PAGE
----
Your guide to section 13 and rent increases in the private rented sector

27 March 2024

Section 13 allows landlords and agents to increase rents for any tenancy. Here’s how it will work under the Renters (Reform) Bill.


Section 13 of the Housing Act (1988) is a way for landlords to increase rents for any of their tenancies that run periodically. This notice will be replaced under the Renters (Reform) Bill with a new process in the future.

The Renters (Reform) Bill will likely go through its third reading in the House of Commons at the end of April. In preparation for its third reading, the Government has shared amendments to the Bill, including edits to Section 13, which have been signed off by Michael Gove, Secretary of State Levelling Up, Housing and Communities.

Download our fact sheet on Section 13

So, here's an overview of what's in place now, and how rent increases will work under the Renters (Reform) Bill:

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How can private landlords currently increase rents with section 13?

Landlords can increase the rent on a tenancy in the following ways:

  • For Assured Shorthold Tenancy, landlords can include a "rent review clause", which outlines any terms for rents to be increased. The clause should include when a review will take place, how much rents may increase, and the notice that the landlord needs to give their tenant.
  • At the end of a fixed-term tenancy, rents can be increased in a new fixed-term contract.
  • During a tenancy, the landlord and tenant can mutually agree to a rent increase with a written record of that agreement.
  • If a contractual periodic tenancy does not have a rent review clause, a section 13 notice can be used.
  • If the fixed-term moves to periodic at the end of the term or if a tenancy is periodic, landlords need to use a section 13 "Landlord’s notice proposing a new rent" form to increase the rent with at least one month's notice.

The rent increase needs to be "fair and realistic" - which means it needs to stay in line with the local market rates. 

Download our fact sheet on Section 13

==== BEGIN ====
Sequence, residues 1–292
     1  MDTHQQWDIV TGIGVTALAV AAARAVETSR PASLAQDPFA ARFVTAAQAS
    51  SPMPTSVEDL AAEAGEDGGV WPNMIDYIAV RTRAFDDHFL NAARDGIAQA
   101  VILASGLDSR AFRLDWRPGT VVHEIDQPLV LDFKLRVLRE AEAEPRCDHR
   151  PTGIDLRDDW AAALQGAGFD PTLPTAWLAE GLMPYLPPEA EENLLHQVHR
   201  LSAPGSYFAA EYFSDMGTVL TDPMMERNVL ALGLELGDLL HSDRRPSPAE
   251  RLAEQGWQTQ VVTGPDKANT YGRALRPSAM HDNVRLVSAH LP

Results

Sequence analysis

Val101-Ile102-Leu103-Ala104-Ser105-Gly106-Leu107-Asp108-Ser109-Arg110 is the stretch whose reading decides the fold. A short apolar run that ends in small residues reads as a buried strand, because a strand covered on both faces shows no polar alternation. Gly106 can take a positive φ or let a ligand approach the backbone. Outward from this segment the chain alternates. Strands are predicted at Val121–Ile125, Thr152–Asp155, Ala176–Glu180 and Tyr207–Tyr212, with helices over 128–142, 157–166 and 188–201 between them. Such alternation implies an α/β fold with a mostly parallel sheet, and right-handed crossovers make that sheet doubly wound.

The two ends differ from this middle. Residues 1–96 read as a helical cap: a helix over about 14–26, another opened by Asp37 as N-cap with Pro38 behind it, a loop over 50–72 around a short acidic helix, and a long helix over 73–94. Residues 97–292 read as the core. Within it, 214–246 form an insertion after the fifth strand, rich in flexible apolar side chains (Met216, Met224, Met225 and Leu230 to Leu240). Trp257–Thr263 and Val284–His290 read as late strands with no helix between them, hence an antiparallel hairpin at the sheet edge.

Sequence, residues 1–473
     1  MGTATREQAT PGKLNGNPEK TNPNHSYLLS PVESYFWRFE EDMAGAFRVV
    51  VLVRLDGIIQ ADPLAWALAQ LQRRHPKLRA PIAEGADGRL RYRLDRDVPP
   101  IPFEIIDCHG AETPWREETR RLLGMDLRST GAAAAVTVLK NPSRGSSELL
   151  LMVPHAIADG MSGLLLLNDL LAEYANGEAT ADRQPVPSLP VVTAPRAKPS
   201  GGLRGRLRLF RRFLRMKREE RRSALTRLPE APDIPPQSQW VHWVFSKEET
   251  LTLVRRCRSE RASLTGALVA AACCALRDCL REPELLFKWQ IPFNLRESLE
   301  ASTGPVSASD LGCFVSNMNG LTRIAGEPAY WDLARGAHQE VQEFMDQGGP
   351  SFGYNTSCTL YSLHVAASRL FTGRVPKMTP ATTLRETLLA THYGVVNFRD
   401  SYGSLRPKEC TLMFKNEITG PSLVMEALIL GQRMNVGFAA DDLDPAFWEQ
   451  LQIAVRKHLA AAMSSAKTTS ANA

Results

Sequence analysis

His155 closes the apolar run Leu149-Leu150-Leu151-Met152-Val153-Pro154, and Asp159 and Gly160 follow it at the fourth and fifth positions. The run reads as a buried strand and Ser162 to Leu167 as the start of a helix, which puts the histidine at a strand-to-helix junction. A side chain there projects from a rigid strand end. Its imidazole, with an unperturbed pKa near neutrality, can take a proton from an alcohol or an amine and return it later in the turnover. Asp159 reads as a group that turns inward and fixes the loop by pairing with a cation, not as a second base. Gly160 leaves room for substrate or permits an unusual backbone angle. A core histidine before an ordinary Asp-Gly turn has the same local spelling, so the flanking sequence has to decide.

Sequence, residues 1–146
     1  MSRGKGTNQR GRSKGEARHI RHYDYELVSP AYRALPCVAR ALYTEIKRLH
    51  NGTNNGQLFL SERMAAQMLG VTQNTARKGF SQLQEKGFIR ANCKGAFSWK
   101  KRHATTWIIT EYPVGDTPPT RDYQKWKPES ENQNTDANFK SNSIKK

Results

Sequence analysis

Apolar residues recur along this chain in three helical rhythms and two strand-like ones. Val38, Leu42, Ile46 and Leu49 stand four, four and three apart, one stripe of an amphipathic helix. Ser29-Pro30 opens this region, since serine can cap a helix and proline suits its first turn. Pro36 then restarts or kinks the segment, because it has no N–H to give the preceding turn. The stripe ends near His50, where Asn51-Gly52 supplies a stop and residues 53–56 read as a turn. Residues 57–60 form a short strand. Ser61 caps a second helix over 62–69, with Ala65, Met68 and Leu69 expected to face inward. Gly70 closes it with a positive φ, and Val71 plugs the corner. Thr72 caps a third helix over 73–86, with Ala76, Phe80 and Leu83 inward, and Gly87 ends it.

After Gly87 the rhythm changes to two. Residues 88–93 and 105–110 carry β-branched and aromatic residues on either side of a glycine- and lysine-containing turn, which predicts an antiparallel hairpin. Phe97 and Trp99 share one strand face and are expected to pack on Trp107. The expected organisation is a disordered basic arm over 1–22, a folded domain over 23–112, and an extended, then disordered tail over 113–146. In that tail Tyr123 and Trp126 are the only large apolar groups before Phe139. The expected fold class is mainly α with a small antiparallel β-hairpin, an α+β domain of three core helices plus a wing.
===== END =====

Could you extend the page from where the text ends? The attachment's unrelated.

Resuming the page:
When can section 13 be used to increase rent?

Landlords and letting agents can only use section 13 to increase their rates during periodic tenancies (an agreement with no fixed end date). 

A section 13 notice can't be used in the first year of a periodic tenancy. This applies even if a fixed-term tenancy converts to a periodic tenancy. The start date of the initial fixed-term tenancy starts the countdown.

A section 13 notice can't be used if there's a rent review clause in place. However, if the fixed-term tenancy converts to periodic at the end of the term, that rent review clause will no longer be applicable and section 13 can be used.

Rents can also only be increased once a year using this process.

Landlords with fixed term tenancies can only increase rents through either a mutual agreement with their tenant, or via a rent review clause. 

🖥️ Watch our video on what agents need to know about the Renters (Reform) Bill

Can a tenant dispute a section 13 notice of rent increase?

Tenants can dispute a rent through the First-tier Property Tribunal if they think that the increase is unfair. However, they should first speak to the landlord, to explain their concerns.

If an agreement can't be reached, a tribunal can then help set a new rent for the tenancy - which could be higher than the original rent requested by the landlord.

However, this will be replaced by a new process through the Renters (Reform) Bill. 

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What's changing under the Renters (Reform) Bill for rent increases?

The Renters (Reform) Bill will likely go through it's third reading at the end of April. At the end of the debate, and once the Bill has been approved, it will then go to the House of Lords. It is unknown how long the Bill will take to pass and achieve Royal Assent.

Under the new tenancy system, all tenancies will transition to periodic - with some exceptions.

This means that a mechanism similar to section 13 will be the only way that landlords and agents will be able to increase rents. This will include filling out a simple form and serving it to the tenant.

The notice period that landlords will need to give to tenants to notify them of a rent increase will increase to two months.

Once the tenant has received the form, they will simply need to accept the amount by paying their rent.

As part of the April 2024 amendments to the Renters (Reform) Bill, tenants may be able to dispute the validity of the amount through the First-tier Tribunal and not the County Court. 

Despite this new mechanism, there will be no change in how often landlords only increase rents; keeping it at once a year using this process.

In the April 2024 amendments, it is proposed that if a tenant has disputed the rent increase and the First-Tier Tribunal agrees, they can recover any increased rent paid through a debt claim in court.

Tenants may also be able to recover any additional costs through a debt claim in court if the landlord has increased their rents without giving a Section 13 notice.

This article is intended as a guide only and does not constitute legal advice. For more information, visit

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Further reading